In the early 1990s, a fierce East-West debate arose whether the economic success of Asia was due to Asian values of hard work, fielty and paternalistic government, attributable to Confucianism, Islam, Hinduism and other Asian cultures

Updated: Saturday May 24, 2014 MYT 7:48:42 AM

Sacredness and universal values

BY TAN SRI ANDREW SHENG

IN the early 1990s, a fierce East-West debate arose whether the economic success of Asia was due to Asian values of hard work, fielty and paternalistic government, largely attributable to Confucianism, Islam, Hinduism and other Asian cultures.

The debate faded when the Asian financial crisis cut back the hubris on both sides, especially since the triumphalism of the West was shattered by the Great Recession of 2007-2009.

There was a subtle shift when Francis Fukuyama published a new book called The Origins of Political Order (2011) in which he began to look more carefully whether the Western liberal democratic model was necessarily the default model of future global social evolution. Fukuyama was of course famed for his earlier book, the End of History (1992) which trumpeted the triumphalism of the Western liberal democratic model after the fall of the Berlin Wall in 1989.

However, as the Asian economies powered ahead after 2007, a new strand of voices began to be heard. The debate shifted towards questioning whether Western values are truly universal and how different cultures or civilisations co-exist within the dominant Western model.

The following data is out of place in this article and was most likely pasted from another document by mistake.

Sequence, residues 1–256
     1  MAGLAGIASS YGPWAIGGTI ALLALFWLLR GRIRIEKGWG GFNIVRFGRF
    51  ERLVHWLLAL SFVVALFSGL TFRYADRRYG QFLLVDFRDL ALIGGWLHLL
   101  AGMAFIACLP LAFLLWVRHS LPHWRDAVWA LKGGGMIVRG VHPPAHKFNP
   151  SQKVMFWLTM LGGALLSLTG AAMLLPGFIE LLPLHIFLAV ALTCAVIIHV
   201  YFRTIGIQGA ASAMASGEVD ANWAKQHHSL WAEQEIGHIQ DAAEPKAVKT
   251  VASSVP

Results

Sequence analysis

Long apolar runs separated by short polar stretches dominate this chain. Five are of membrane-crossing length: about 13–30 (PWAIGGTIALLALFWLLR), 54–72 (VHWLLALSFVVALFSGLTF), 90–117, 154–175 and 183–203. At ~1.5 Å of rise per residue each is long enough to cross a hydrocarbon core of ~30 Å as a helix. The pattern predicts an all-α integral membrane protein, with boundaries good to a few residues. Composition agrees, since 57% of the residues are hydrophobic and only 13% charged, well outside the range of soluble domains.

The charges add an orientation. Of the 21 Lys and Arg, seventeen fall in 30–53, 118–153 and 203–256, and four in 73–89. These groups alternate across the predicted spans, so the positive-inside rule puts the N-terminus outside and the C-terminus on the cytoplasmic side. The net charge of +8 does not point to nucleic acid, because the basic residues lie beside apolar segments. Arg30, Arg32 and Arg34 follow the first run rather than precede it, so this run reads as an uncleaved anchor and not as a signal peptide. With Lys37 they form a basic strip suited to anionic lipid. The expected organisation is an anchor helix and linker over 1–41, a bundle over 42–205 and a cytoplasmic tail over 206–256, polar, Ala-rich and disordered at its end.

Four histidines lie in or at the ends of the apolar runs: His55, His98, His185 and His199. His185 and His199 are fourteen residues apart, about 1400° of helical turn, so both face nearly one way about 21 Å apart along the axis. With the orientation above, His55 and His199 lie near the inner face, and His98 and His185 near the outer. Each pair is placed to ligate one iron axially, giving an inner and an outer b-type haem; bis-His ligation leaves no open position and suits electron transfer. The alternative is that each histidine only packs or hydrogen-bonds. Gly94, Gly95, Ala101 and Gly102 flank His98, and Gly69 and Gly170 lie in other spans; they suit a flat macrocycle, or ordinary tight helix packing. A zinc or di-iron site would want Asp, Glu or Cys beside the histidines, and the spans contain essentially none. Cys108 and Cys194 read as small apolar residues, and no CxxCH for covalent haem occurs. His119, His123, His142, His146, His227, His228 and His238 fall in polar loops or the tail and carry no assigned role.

Prominent among the Indian critique is an important book by Rajiv Malhotra, Being Different (2011) which argues that India differs significantly from the West, specifically Amercian culture. This is because her Dharma tradition (incorporating Hinduism, Buddhism, Jainism and Sikhism) offers a diversity of culture and beliefs that differs radically from the Judaic-Christian origins of Western culture.

On the other hand, the Chinese response, as expounded by Fudan University ProfZhang Weiwei, is that within China, there are two views on China’s development. One is that to be modern, China must adopt universal values. The other is that China must find its own path based on its own cultural traditions. In his book The China Wave: Rise of a Civilisational State, Zhang argued that China is the only country which “amalgamated the world’s longest continuous civilisation with a huge modern state”.